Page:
Carola Wieser and Markus Wessels are making Munich’s underground safe
“Roughly speaking, you could picture the whole thing as a kind of shoebox. A pretty big one, of course, which also happens to be far below the earth’s surface.” These are the words that Markus Wessels uses to describe what, since 2019, he and Carola Wieser—along with their colleagues—have been building in the heart of Munich. What he’s actually talking about is the new Marienhof S-Bahn (urban rail) station. It consists of a six-story building, but one that’s only being constructed underground. It is there, on the lowest “floor” at a depth of around 40 meters, that the “shoebox” is being built: in other words, the station inclusive of platform tubes. The main task of the duo—he, a geoinformatics engineer and she, a geologist—is to observe the impact of the construction work in the middle of the Bavarian state capital on the surrounding area. The division of labor is clear: one delivers the data, the other evaluates them.
What the installation of measuring points has to do with the north German greeting of “Moin”
Surveys and geomonitoring—i.e. monitoring changes to the surrounding area—begin long before the drills and diggers start up. Measuring points are installed up to a year in advance. This makes it possible to identify the seasonal impacts on the soil, buildings, etc. “In this way we determine in advance which developments have nothing to do with the energetic digging that’s going on now,” Wessels explains. The native of Papenburg has been working with HOCHTIEF since 2007, and has worked abroad a great deal, including in Scotland. He helped to establish BIM (Building Information Modeling) at HOCHTIEF. This work method stands for the networked planning, construction and management of buildings and other built structures with the help of software and 3D models. One of his greatest personal “successes” at the moment: Markus Wessels has firmly established the north German greeting of “Moin” (hi/hello) within the HOCHTIEF team and the Marienhof joint venture in the Bavarian metropolis.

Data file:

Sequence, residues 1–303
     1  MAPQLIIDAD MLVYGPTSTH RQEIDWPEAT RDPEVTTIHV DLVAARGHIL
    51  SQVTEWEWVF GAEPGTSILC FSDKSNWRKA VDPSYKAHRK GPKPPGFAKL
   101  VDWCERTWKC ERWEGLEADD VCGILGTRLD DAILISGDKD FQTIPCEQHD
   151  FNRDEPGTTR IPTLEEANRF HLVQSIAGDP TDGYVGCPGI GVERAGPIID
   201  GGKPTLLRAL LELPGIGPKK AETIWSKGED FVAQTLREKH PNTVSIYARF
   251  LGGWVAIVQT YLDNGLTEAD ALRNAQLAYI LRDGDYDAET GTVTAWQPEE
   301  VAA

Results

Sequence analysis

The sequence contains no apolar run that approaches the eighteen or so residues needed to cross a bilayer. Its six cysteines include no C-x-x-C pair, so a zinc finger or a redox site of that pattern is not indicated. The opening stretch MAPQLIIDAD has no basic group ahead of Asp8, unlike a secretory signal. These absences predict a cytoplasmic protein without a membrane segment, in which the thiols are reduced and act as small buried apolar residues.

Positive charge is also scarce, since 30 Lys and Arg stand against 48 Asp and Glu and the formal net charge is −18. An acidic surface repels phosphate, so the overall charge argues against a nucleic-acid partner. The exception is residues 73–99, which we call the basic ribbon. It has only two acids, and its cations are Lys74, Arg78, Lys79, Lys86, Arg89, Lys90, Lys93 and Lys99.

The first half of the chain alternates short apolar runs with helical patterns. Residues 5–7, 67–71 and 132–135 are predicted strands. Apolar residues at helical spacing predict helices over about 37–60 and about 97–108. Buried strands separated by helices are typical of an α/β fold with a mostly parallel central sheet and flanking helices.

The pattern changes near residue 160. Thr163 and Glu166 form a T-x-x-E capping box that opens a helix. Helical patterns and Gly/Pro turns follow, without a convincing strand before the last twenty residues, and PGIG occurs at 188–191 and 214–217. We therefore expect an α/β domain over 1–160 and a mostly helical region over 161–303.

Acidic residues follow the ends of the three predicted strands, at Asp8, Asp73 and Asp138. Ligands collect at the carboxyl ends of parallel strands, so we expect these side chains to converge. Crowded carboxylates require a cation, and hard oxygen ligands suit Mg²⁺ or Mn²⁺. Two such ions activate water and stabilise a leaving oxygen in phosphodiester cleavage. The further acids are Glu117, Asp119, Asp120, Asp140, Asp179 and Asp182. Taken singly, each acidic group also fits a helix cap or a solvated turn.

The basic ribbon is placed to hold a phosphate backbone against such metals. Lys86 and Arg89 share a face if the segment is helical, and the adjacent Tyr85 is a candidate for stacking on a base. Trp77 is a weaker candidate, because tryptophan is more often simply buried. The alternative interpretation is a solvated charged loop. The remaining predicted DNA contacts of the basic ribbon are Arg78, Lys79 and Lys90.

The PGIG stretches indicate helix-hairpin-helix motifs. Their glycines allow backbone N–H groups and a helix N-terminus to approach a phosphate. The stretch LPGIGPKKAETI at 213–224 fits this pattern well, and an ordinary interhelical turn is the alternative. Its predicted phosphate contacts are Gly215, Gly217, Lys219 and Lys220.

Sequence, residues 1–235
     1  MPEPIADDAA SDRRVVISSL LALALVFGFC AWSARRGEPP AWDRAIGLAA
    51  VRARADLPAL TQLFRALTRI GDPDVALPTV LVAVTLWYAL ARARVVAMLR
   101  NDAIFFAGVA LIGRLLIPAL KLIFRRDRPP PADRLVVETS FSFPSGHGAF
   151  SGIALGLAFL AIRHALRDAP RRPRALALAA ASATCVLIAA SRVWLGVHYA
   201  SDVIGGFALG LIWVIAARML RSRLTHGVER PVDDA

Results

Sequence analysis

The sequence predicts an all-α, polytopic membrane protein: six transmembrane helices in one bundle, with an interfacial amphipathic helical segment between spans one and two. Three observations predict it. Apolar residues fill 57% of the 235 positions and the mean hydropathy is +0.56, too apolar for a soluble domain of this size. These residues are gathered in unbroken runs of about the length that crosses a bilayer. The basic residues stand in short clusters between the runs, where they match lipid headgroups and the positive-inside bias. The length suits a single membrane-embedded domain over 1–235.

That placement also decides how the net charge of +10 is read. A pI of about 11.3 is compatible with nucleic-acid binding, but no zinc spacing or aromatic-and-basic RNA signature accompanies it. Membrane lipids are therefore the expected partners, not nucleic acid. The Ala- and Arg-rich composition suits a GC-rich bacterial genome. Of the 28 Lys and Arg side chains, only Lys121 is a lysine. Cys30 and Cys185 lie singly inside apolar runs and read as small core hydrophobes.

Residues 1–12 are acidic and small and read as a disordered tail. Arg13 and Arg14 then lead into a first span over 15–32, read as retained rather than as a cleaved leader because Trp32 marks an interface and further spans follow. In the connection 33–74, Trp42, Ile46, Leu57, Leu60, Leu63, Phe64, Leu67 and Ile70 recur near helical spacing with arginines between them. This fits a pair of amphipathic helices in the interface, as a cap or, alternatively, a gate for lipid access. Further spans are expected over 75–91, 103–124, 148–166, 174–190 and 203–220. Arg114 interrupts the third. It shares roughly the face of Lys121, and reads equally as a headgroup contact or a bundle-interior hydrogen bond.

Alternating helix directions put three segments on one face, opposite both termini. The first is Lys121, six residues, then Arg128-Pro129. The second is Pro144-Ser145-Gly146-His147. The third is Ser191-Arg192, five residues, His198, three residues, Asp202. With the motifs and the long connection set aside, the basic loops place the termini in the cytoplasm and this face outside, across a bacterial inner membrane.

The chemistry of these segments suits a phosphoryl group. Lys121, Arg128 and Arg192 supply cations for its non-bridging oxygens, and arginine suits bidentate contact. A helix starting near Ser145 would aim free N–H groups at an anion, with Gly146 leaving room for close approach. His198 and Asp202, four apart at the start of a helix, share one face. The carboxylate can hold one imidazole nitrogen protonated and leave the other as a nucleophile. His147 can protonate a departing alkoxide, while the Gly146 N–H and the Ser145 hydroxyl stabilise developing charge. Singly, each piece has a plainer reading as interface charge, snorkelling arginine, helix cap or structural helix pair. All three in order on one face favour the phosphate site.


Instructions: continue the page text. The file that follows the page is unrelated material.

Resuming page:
Teamwork: Thousands of measuring points converted to sensitive computer data
Once the data from thousands of measuring points in and around buildings, on the streets and in the construction pit walls have been sent, logged, and approved by Wessels as usable, they go to Carola Wieser’s PC. The teamwork starts, and Carola Wieser takes over. The work of the geological engineer, who graduated in the area of (underground) rock mechanics and tunnel construction has a young daughter, and has worked for HOCHTIEF since 2017, goes hand in hand with that of her colleague: “The client, Deutsche Bahn, has specified threshold values. This means that an existing built structure or the subway route can subside or distort by up to x millimeters,” Wieser explains. However, if despite every care being taken, subsidence or distortions are identified outside the respective norm, an alarm is triggered automatically. “If that happens, we would sit down with the construction supervisor and the client, precisely analyze the values, and discuss how to proceed.” In addition, every week a report is sent to the client, as well as to the municipal utilities, inspectors, experts and supervisory authorities, breaking down all of the important data. This too is Wieser’s job, who also has a “sideline” of monitoring the groundwater which, as part of the construction work, has to be lowered over a large area, and its surface tension reduced.
Nothing beats face-to-face dialogue
Once or twice a week, Markus Wessels travels around Munich’s streets and its subway to see if all of the measuring technology he has put in place is working properly. He checks to make sure that nothing is damaged, and that no cables have been cut. Carola Wieser often joins him on these tours “to better understand where the data that I deal with every day actually come from.” The two HOCHTIEF colleagues work together in an office in a construction container with a view of the construction site in Munich’s old town. To the rear, the Neues Rathaus (New City Hall) towers over them. Wieser and Wessels agree: “Sharing an office makes things far easier. Constantly talking to each other is really important in our job, and it works best when we talk face-to-face.”